As far as we know, the suspect (don’t know if he has been arrested yet) has probably been given some kind of warning against self-incrimination (testimony provided in the course of the investigation can be used as evidence at trial), and he will be provided a bail hearing (arraignment), and allowed to post bail unless he is a flight risk if he is eventually arrested and charged.

          Based on what we know now, which isn’t much, all of his legal rights seem to be protected by US/UK Commonwealth legal procedure. Some variation in these processes may apply do to where the investigation has originated, but at this point he is 1) not under arrest, 2) not subject to arbitrary detention, and 3) has his habeas corpus rights intact.

          Not sure where your concern that his rights being violated arises from. I’m not in a position to speculate about your motives, so perhaps you can enlighten us at to why you think he may be subject to some irregular/inappropriate/illegal action on behalf of the authorities.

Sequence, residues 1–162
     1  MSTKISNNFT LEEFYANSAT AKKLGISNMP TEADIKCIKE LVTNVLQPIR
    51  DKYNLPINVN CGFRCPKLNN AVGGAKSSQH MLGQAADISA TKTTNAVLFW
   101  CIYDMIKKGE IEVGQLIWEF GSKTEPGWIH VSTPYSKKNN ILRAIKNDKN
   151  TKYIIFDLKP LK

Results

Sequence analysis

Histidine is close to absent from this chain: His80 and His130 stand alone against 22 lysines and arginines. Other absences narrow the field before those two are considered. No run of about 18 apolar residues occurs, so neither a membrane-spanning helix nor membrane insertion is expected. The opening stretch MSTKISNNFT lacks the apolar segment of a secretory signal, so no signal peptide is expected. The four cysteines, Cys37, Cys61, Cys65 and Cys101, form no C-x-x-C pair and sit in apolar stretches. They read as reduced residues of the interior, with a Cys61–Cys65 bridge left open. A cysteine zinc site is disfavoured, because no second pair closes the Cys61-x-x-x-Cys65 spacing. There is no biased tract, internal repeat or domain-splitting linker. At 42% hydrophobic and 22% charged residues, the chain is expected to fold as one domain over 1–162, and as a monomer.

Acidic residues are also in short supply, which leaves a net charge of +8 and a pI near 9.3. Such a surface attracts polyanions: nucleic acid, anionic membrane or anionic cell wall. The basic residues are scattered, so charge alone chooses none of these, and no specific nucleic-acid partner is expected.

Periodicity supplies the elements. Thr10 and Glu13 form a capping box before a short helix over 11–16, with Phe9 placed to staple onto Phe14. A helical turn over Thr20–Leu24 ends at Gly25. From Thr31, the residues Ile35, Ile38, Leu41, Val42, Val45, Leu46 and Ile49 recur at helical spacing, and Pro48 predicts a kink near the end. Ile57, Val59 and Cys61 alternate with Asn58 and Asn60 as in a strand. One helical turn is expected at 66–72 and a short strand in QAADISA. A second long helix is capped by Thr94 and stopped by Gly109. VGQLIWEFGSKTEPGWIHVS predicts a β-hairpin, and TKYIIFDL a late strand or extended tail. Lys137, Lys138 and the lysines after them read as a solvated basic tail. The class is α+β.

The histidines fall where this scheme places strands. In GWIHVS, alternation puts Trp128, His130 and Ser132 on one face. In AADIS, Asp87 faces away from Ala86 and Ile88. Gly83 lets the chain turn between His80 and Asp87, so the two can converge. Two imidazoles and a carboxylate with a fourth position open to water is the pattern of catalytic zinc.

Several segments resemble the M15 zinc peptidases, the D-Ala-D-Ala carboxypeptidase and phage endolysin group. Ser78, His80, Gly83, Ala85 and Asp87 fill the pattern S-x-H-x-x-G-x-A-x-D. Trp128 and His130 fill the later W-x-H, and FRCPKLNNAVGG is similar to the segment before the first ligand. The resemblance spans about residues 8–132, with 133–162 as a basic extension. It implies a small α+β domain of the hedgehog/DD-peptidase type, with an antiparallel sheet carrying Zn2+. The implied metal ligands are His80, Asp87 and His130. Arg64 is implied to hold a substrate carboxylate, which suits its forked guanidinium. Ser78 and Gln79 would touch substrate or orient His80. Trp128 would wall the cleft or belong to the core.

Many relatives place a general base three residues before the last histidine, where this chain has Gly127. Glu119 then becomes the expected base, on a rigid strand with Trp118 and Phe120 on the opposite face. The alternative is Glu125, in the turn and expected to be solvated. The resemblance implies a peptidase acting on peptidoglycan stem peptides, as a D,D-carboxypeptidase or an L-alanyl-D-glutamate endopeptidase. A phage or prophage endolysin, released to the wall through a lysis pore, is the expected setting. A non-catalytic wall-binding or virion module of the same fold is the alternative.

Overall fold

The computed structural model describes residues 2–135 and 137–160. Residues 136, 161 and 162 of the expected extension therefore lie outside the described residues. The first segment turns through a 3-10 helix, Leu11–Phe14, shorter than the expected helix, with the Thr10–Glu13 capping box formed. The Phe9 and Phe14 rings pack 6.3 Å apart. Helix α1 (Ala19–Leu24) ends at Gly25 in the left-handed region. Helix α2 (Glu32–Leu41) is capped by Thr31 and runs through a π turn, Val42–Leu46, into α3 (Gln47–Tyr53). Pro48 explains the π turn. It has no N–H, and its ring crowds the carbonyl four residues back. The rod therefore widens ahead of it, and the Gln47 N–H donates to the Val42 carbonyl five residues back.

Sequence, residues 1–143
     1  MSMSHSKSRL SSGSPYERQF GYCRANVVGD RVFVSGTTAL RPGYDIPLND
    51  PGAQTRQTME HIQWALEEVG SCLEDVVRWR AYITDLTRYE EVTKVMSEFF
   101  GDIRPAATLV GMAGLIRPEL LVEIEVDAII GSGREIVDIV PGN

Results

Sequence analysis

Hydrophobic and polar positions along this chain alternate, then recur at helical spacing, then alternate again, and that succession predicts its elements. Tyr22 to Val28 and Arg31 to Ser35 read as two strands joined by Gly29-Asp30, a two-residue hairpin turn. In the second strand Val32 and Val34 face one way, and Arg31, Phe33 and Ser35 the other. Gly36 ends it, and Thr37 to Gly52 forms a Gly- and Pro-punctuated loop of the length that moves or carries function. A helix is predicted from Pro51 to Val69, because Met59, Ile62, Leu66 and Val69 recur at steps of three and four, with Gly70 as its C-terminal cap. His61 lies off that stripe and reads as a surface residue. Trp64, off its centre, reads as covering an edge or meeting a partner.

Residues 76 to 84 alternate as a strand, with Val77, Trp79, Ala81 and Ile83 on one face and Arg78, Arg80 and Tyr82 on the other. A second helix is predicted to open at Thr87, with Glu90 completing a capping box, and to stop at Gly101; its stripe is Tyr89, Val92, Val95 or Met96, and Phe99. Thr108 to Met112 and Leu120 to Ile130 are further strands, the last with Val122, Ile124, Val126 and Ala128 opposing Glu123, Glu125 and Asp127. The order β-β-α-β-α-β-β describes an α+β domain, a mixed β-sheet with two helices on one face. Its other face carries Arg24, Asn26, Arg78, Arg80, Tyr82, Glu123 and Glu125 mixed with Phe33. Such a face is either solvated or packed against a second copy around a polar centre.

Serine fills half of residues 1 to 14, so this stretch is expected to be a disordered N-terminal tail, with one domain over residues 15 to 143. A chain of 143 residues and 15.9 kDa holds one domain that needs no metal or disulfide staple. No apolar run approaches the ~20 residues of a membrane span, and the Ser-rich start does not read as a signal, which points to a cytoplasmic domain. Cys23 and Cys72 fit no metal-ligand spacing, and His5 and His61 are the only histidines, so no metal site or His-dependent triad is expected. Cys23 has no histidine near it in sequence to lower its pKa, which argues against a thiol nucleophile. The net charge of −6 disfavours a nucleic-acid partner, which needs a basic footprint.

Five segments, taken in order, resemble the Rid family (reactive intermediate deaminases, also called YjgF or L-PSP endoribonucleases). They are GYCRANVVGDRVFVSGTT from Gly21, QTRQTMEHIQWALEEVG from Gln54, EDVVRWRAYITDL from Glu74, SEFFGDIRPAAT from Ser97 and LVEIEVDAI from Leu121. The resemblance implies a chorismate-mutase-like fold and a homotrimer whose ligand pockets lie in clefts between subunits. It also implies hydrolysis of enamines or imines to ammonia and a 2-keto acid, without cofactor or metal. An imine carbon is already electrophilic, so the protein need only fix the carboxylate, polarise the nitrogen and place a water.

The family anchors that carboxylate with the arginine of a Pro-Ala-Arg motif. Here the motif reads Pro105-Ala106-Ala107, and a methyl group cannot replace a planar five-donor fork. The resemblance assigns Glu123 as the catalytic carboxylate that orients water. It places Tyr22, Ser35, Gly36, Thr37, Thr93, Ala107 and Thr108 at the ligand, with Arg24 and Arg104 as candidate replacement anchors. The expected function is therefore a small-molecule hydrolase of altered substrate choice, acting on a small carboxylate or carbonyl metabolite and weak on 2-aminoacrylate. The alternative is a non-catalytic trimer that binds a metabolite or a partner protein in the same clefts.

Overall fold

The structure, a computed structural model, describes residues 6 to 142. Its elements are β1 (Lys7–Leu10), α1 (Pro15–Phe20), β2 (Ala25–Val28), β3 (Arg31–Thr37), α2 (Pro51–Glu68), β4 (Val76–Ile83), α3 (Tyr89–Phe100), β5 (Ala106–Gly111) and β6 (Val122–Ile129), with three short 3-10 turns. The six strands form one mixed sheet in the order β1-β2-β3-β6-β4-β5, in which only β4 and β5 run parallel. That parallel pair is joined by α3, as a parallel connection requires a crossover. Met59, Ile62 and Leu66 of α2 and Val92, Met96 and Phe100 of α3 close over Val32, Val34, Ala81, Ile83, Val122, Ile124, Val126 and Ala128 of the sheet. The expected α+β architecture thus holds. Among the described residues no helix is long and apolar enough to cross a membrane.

2. Chad

      Strange features are probably hard to prove alone, but probably do enhance a prosecutor’s argument, particularly for the features that serve no purpose except for malice.

      The one that hugely stands out to me from the linked list is the “let it burn” feature, which literally has no purpose except to mess with the desktop of the affected user. There’s no legitimate remote administrative tool with this sort of feature.

      Similar can be said with “password recovery from famous applications” – this would fall afoul of any IT best practices about security (or even mediocre IT practices about security), and would never be included in any legitimate remote administrative tool.

      1. ITGuy

        Password recovery is common on remote admin tools. Hirens boot CD has had it for ages. It is useful for unlocking a local admin account on a machine that has lost connection to its domain, and becomes necessary when an admin inherits a domain that is not properly documented.

        1. Chad Gould

          Well, I’ll start by saying rescue CDs are different than RATs. 🙂